A report from The Sun yesterday adds ballast to what many had long suspected: that pro-Hong Kong materials are being vandalized on campus, with Snapchat screenshots suggesting that students were responsible for vandalizing stickers stuck to a footbridge railing. It harkens back to dark memories two years ago when pro-Tibet human rights posters on Arts Quad were similarly stolen. The repetition of such an act of grave immaturity and irresponsibility puts into question the conscience of those perpetrators, widening the chasm within the larger Chinese community between the mainland Chinese and Hong Kong people. But one question lingers: why? Why would someone destroy materials meant to support those protesting an overbearing state?
President Trump last week signed an executive order that links federal research and education grants for colleges and universities to their unwavering commitment to “[promoting] free inquiry.” Translation: The long-standing progressive censorship game at colleges and universities is now over. Universities and colleges will immediately cease shutting down, impeding or permitting the disruption of conservative speakers, or now risk losing billions of federal research dollars that are generously given away each year to these institutions of higher learning. It is unfortunate that such an order has become a confrontational stance on America’s campuses, but academia has sadly reached that point. Young America’s Foundation, for instance, favorably settled a lawsuit over this precise issue with the University of California, Berkeley last December. UC Berkeley, facing a constitutional challenge to its speaking protocols, agreed to abolish its “high-profile speaker policy” and speaking fee schedule while implementing a policy that ensures that heckling protesters will no longer be permitted to shut down speakers on campus.
“Parental Advisory: Explicit Content.” It’s a phrase that has embedded itself deep down in the consciousness of modern music audiences, loudly asserting itself in that black-and-white rectangle of moralism on the bottom right-hand corner of all your favorite albums. These days, that little box garners about as much attention as the signature at the bottom of a painting, but its early years sparked a fair share of heated debate regarding freedom of expression, the role of censorship in art and good ol’ family values. Our story begins in 1985, when one Mary “Tipper” Gore purchased Prince’s Purple Rain for her 11 year-old daughter, only to be taken aback by explicit references to sex and female masturbation on the song “Darling Nikki” (“I met her in a hotel lobby/Masturbating with a magazine”). Bewildered by her failure to protect young Karenna from the Purple One’s ode to consensual S&M, Gore (married, at the time, to future Vice President Al Gore) took it upon herself to co-found the Parents Music Resource Center, which aimed to lobby for industry regulations that would increase parents’ control over their children’s access to music. Founded almost entirely by women, the 22-person group became known colloquially and in the media as the “Washington wives” — a reference to the fact that their spouses included 10 U.S. Senators, 6 U.S. Representatives and a Cabinet Secretary. Sexist nicknames aside, this undeniable clout brought instant attention to the cause, resulting in a Senate hearing for the PMRC just five months after its formation.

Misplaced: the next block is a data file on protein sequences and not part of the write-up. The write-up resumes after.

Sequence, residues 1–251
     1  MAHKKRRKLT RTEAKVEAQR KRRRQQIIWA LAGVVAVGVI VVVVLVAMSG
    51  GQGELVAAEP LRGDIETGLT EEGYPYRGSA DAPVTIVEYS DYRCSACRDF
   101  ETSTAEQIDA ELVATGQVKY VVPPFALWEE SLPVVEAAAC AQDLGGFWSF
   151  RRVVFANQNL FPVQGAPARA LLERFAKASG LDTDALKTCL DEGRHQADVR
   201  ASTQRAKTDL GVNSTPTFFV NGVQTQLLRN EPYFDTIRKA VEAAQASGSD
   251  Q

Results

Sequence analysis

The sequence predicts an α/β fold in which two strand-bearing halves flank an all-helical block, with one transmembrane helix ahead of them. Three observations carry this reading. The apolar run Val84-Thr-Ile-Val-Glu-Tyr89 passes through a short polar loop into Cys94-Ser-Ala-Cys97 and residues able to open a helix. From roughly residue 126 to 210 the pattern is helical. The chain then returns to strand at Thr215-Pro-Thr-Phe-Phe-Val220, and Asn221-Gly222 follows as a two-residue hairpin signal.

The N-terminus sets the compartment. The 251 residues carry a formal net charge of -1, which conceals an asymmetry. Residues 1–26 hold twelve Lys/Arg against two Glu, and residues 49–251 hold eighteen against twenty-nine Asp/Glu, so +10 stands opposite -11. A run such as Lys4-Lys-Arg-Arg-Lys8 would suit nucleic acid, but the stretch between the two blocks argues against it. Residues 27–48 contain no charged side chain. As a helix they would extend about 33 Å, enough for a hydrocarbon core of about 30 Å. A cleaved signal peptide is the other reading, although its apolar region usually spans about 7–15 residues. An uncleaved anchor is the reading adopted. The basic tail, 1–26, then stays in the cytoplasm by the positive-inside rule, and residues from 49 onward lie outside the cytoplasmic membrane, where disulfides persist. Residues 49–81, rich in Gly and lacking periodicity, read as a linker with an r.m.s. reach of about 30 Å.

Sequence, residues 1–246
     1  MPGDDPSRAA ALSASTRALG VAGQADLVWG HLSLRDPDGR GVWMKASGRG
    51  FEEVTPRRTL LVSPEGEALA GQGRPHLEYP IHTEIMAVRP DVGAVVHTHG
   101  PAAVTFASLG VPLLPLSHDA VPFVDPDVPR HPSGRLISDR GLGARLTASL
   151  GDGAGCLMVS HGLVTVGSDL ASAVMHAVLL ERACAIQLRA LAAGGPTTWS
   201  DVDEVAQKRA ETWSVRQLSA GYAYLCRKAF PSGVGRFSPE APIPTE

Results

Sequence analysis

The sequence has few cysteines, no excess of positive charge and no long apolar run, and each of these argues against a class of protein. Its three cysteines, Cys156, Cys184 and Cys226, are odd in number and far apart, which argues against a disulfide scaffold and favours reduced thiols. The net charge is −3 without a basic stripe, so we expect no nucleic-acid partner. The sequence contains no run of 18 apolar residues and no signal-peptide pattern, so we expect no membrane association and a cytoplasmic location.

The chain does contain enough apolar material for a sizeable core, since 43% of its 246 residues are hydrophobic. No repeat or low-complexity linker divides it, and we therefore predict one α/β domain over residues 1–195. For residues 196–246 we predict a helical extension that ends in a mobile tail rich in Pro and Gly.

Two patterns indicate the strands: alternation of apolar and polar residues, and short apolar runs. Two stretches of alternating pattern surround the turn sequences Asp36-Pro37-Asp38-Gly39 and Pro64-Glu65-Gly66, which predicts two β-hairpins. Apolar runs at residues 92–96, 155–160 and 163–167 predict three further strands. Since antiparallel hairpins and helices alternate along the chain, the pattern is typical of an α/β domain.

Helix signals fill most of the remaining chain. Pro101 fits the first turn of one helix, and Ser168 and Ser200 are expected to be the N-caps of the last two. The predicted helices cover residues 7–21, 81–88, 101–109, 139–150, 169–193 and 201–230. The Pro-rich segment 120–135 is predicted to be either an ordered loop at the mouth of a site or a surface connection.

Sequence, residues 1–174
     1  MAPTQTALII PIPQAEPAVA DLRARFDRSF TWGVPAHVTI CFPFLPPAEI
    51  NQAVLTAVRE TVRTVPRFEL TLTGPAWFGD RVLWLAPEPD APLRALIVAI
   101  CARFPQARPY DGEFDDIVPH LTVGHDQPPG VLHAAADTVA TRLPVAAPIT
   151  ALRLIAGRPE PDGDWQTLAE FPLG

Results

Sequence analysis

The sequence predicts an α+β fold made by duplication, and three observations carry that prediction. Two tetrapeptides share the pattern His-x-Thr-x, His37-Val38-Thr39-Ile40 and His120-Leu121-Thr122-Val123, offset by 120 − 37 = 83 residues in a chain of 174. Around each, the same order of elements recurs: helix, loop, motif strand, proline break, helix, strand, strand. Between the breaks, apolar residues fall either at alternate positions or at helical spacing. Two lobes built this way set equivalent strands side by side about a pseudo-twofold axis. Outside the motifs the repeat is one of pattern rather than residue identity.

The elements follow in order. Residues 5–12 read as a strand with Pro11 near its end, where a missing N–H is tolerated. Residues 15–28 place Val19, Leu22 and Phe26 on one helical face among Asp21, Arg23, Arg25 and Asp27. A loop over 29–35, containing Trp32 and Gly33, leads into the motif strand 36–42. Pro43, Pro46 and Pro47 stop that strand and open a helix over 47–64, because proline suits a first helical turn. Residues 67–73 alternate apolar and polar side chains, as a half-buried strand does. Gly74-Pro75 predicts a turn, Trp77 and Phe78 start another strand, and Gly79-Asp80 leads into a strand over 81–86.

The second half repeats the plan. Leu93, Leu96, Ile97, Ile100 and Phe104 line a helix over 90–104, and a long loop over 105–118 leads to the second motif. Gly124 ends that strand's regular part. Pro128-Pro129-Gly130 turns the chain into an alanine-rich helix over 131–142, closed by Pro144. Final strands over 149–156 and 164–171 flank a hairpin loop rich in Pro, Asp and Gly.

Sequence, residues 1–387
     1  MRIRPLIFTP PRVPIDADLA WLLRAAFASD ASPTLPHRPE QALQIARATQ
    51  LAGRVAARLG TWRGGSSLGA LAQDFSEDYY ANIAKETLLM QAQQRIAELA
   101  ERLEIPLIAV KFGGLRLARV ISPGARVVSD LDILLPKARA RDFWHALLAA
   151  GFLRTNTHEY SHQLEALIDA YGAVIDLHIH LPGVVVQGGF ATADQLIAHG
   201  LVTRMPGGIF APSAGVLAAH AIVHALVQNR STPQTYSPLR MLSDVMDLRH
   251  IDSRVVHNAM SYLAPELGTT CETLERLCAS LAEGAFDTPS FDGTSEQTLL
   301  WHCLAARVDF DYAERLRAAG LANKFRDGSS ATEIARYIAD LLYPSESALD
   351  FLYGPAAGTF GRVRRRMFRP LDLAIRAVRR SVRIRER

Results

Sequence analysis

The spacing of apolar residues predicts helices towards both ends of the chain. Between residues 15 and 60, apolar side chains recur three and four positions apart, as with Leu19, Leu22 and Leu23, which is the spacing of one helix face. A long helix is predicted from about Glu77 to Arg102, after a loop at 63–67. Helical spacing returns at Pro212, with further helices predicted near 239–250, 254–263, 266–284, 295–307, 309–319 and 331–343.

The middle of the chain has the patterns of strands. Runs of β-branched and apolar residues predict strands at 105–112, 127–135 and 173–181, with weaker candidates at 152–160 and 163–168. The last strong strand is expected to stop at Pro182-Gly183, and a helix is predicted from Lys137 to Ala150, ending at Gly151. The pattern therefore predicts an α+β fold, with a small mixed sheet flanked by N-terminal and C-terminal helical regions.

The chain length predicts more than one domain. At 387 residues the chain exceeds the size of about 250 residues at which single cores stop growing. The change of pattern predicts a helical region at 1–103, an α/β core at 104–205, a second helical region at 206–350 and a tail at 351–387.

A lot of discussion has taken place recently about the merits of “trigger warnings” in academic environments. We can see that students, professors and administrators are all now part of an important conversation which deals with trauma and its role in the classroom. Some are fans of trigger warnings. Others, like President Elizabeth Garrett (to reporters at the Cornell Club), say that “there shouldn’t be any limits on the substance of freedom of speech at a university.”
And on a tangential note, any casual observer of the Cornellian social media scene will also see that a related division of opinions has happened on the oh-so-exciting “Overheard” group. The typical incident usually goes like this: A makes a joke in poor taste.
After four years of waiting, seven former editors of Ithaca High School’s newspaper received some good news from federal judge Norman Mordue on Mar. 24: their lawsuit against the Ithaca City School District for infringing on students’ First Amendment rights is now officially going to trial.
In 2004, The Tattler, IHS’s student-run publication, printed some controversial pieces, including one that criticized their Principal, Joe Wilson. The ICSD promptly imposed an unprecedented set of guidelines on the Tattler, which, among other things, gave the administration veto power over any proposed paper content. Rob Ochshorn ’09, The Tattler’s editor-in-chief at the time, resorted to publishing and distributing the paper underground for several months.